Unseen in the crush of people rushing to and from the brawl, Nick came up behind the other of Owen’s men. As they came up along side an alley, Nick grabbed the man’s neck and arm; ran him into the alley. The whore sucking prick rolled her eyes anxiously at them as the two men rushed past but was too professional to leave off her work. The man she was administering to was too lost in sensation to know anything.

Nick reached for a dagger but paused, remembering Grotius’ admonition against leaving any more bodies in Brussels. That pause was a mistake. Potato nose heaved, broke Nick’s grip, and slammed back into Nick’s stomach. Stitches tore and a white sheet of pain dropped Nick to his knees. Bile rose in his throat and he fought to not pass out. Potato nose’s voice barely registered.

“Brother Owen has some questions for you, you fat fuck. Now stay down!”

The kicks were barely felt over the pain of his re-opened wound.

Move or die. Potato nose was close enough. Nick tore one of his blades from his sleeve and slammed it through Potato Nose’s foot, nailing it down into the muck and mire.

“Oh, you bastard, you fucking bastard.”

Paying no more attention to the fucker’s cries than he did his kicks, Nick slowly got to his feet. Despite all the provocation, he kept Grotius’ admonition against killing in mind and didn’t slice Potato Nose a second mouth under his chin. So, instead Nick grabbed a handful of greasy hair and slammed his head against the wall until he was insensible and only a few times after for the pain in his gut. No more than three more times at the most.

Standing next to the whore and her client, Nick stared out from the alley mouth at the chaos of the market. It looked like it was actually quieting down, brawlers were being separated by bravos in the employ of the market officials. In the interest of commerce quickly recommencing, any one who showed the slightest hesitation about stopping fighting or gave any lip to the bravos was quickly clubbed down and dragged away. The sight of Vornstadt still on his horse but festooned in garbage raised Nick’s spirits. There was no sign of Adrien and Pieter. Their job done, they were undoubtedly back with Grotius. Nick turned away and walked as fast as he could while holding his stomach. He could feel wetness spread from the torn stitches. The man groaned loudly as he spent into the whore’s mouth.

Grotius had told Nick to look for the barge at the quay at Saint Catherine’s church. The crane was unloading a barge as Nick moved past. The large wooden wheel with the men walking inside it to draw up and let down cargo clattered and groaned. From the brawl, there would likely be more men to walk off their punishment for a few days. The ungreased spindle shrieked as the crane was turned to lower its loaded cargo net of wine barrels from the barge onto the wharf. By the trim of painted blue flowers along the bow, Nick recognized the ship he was told to look for.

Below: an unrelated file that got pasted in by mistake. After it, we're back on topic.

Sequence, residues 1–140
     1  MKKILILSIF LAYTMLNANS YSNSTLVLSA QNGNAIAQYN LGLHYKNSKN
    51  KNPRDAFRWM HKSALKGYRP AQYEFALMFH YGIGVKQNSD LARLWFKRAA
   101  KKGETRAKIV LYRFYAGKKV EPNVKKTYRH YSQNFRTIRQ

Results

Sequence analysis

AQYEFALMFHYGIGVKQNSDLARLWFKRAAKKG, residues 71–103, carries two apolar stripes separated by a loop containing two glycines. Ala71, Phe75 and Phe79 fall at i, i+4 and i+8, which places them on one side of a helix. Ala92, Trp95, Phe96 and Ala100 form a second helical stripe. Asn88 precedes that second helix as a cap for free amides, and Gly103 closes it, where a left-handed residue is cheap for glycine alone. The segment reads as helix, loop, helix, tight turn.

Nick walked up to the barge with the blue flower trim. “Hoy!”

The man overseeing the loading and stowing of barrels into the barge’s cargo space looked up at Nick. “The fuck do you want? I’ve got no work, so piss off.”

“Don’t take that tone with me, Precious. Albert Oldenberg told you that you’d have a passenger down the canal. I’m that passenger.” Albert was one of the names that Grotius used. For that matter, Nick had no idea if Grotius was the smuggler’s real name.

The bargee’s face became even more disgusted. “Fuck. Well, all right then. Get your ass on board and stay the fuck out of the way. As soon as I get the last of these damned barrels loaded, we’re casting off.”

Nick waited for a pause in the line of men rolling the barrels down the gangplank and quickly made his way on board.

“No baggage? No retinue? No perfumed catamites for you to fuck up the ass while we travel?”

“Sorry to disappoint. Just me, so it looks like you’ll be fucking a greased knot hole like usual.”

With an inarticulate growl, the barge master waved Nick off. Oh, this is going to be one pleasant couple of days, I can tell that already. Pray to God, the pain will be gone by time we reach Antwerp.

Nick found a place out of the way towards the prow of the barge where he made a nest for himself among bales of cheap cloth. He kept an eye on the wharf-side, still unconvinced that he had gotten away so clean. He kept his other eye on the cargo being loaded onto the barge, willing the men to move faster. After a short while that felt like an eternity, the barge master and his crew cast off the lines and the heavy vessel slowly moved away from the dock. Nick looked at Brussels drifting past. He knew it was the last time. He kept himself from feeling anything and said a silent goodbye.